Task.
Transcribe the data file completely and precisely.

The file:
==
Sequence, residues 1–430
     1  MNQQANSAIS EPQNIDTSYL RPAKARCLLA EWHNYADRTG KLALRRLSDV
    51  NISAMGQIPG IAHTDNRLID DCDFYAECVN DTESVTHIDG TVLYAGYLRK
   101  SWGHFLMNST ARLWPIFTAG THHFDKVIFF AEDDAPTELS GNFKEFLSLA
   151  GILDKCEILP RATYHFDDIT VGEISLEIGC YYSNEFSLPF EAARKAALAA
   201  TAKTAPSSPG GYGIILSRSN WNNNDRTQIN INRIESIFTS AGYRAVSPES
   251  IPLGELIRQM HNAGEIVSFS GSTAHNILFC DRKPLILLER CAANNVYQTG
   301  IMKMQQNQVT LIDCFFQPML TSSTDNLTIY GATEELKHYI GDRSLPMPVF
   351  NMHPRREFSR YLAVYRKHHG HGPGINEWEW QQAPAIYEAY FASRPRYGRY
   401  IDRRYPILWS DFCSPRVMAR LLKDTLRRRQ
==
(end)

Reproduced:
Sequence, residues 1–430
     1  MNQQANSAIS EPQNIDTSYL RPAKARCLLA EWHNYADRTG KLALRRLSDV
    51  NISAMGQIPG IAHTDNRLID DCDFYAECVN DTESVTHIDG TVLYAGYLRK
   101  SWGHFLMNST ARLWPIFTAG THHFDKVIFF AEDDAPTELS GNFKEFLSLA
   151  GILDKCEILP RATYHFDDIT VGEISLEIGC YYSNEFSLPF EAARKAALAA
   201  TAKTAPSSPG GYGIILSRSN WNNNDRTQIN INRIESIFTS AGYRAVSPES
   251  IPLGELIRQM HNAGEIVSFS GSTAHNILFC DRKPLILLER CAANNVYQTG
   301  IMKMQQNQVT LIDCFFQPML TSSTDNLTIY GATEELKHYI GDRSLPMPVF
   351  NMHPRREFSR YLAVYRKHHG HGPGINEWEW QQAPAIYEAY FASRPRYGRY
   401  IDRRYPILWS DFCSPRVMAR LLKDTLRRRQ